US securities regulators unveil proposal to fight 'greenwashing'

US Securities and Exchange Commission Chairman Gary Gensler said new rules were needed to ensure environmental, social and gover
US Securities and Exchange Commission Chairman Gary Gensler said new rules were needed to ensure environmental, social and governance investments live up to their marketing.

US securities regulators unveiled Wednesday a proposed rule to tighten disclosure requirements on the rising number of investments that tout their commitment to environmental, social and governance (ESG) goals.

Seeking to address the problem of "greenwashing," where financial investments may fall short of marketing statements, the Securities and Exchange Commission said the measure was meant to standardize disclosure and avoid cases where a fund "could exaggerate its actual consideration of ESG factors."

SEC Chairman Gary Gensler said the rule was needed as the scale of the so-called "US sustainable universe" has grown to $17.1 trillion, according to one estimate.

"When an reads current disclosures, though, it can be very difficult to understand what some funds mean when they say they're an ESG fund," Gensler said. "There also is a risk that funds and investment advisers mislead by overstating their ESG focus."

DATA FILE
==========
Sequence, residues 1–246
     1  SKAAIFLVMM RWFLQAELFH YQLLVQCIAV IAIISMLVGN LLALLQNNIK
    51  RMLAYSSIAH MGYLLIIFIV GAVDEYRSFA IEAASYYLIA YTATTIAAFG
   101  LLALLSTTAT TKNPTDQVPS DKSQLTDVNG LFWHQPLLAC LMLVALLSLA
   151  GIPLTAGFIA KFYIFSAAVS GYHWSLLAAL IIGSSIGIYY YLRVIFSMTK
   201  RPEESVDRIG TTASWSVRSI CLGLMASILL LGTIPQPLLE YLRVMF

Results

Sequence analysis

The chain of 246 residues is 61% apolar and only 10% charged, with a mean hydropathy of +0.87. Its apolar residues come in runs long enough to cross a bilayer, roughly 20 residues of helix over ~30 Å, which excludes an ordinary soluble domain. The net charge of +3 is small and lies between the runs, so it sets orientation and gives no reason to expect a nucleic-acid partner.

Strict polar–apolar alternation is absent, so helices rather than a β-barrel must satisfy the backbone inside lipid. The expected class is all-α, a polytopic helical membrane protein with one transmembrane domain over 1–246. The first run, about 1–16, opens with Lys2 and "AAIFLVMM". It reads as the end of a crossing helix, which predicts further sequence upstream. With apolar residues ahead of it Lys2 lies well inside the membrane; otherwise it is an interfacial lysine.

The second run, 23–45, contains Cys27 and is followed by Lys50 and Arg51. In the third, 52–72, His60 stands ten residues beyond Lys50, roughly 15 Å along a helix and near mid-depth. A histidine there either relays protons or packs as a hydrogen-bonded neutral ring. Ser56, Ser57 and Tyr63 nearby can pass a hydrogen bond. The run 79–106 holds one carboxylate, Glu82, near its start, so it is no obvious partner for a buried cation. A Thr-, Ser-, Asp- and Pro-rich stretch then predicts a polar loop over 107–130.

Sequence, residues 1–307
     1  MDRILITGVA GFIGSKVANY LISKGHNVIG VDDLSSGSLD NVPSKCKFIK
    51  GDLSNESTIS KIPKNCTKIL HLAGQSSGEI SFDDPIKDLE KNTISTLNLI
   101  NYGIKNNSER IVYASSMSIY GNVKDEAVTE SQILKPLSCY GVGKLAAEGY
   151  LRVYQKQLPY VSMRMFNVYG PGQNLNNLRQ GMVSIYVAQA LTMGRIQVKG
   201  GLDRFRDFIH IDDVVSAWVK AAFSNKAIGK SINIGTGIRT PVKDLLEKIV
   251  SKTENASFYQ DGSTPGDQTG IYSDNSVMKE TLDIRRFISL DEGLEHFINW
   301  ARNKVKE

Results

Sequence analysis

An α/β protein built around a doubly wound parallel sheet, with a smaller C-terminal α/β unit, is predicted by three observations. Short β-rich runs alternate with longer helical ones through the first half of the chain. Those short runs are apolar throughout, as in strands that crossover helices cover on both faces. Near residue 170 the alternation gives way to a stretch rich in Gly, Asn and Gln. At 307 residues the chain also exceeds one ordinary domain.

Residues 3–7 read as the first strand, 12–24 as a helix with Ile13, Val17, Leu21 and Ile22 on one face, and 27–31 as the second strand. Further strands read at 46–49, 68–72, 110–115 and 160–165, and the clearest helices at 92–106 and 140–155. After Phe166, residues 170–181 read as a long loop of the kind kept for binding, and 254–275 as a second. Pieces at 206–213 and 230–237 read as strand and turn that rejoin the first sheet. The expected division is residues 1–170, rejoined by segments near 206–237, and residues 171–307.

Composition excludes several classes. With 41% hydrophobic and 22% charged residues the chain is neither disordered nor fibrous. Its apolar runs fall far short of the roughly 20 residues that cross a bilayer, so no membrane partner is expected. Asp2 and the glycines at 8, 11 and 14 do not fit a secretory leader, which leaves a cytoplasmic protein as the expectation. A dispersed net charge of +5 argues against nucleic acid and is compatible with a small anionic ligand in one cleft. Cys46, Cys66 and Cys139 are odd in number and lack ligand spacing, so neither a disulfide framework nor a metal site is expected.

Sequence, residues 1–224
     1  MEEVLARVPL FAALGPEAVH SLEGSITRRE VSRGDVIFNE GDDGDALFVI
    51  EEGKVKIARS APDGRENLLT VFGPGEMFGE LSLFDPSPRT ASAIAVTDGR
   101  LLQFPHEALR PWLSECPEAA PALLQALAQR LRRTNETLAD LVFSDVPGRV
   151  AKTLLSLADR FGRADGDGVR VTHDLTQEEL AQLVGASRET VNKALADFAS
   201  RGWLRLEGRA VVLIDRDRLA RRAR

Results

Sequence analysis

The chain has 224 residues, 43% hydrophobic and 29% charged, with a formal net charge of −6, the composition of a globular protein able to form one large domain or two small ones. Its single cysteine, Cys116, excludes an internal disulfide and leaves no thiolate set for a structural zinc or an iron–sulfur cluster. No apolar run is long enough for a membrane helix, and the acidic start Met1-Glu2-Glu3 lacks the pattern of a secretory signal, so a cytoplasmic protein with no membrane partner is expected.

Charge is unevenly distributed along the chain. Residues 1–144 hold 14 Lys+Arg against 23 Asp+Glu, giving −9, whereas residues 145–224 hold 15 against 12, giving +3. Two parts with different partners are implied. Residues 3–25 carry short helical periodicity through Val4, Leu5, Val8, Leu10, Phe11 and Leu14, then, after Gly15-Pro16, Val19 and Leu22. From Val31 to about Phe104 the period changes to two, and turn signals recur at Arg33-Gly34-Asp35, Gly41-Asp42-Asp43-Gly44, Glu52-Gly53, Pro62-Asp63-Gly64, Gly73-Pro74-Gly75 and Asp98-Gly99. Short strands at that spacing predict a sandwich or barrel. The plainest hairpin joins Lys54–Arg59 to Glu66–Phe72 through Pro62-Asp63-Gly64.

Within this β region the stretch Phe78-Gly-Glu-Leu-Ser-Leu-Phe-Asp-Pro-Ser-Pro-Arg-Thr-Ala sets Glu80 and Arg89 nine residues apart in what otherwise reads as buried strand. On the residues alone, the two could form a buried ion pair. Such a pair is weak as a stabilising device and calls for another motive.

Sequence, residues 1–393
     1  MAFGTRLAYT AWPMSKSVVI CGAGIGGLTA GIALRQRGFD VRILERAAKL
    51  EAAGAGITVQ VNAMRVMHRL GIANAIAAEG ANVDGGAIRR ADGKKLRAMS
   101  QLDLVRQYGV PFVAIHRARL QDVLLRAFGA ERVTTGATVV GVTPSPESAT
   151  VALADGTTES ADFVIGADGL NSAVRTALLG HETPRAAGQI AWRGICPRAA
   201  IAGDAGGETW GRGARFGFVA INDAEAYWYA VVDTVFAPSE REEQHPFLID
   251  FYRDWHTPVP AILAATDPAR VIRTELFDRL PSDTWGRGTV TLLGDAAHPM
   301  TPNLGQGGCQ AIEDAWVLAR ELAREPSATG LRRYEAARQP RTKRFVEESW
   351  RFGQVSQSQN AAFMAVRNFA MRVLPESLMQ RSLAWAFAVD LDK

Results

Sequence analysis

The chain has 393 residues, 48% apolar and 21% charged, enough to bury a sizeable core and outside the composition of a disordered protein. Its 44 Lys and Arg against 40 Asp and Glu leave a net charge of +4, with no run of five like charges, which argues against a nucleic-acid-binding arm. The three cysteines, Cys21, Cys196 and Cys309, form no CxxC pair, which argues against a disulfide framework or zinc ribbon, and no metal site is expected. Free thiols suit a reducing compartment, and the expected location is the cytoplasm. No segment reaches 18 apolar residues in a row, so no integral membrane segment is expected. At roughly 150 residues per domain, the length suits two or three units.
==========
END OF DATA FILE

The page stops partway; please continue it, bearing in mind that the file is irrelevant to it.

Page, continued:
Funds that integrate ESG factors alongside non-ESG factors would be required to say how ESG is incorporated into the investment process, while ESG impact funds would need to say how they measure progress, the SEC said of the proposed rule.

Funds that emphasize the environment would need to disclose the carbon footprint of their investments.

Opposing the proposal was SEC Commissioner Hester Peirce, a Republican commissioner who said she supported the idea of tightening standards but that the new rules did not adequately define ESG.

The proposal "avoids explicitly defining E, S and G, yet implicitly uses disclosure requirements to induce substantive changes in ' and advisers' ESG practices," she said. "Investors will pick up the tab for our latest ESG exploits without seeing much benefit."

The SEC plans a 60-day public comment period on the proposal.


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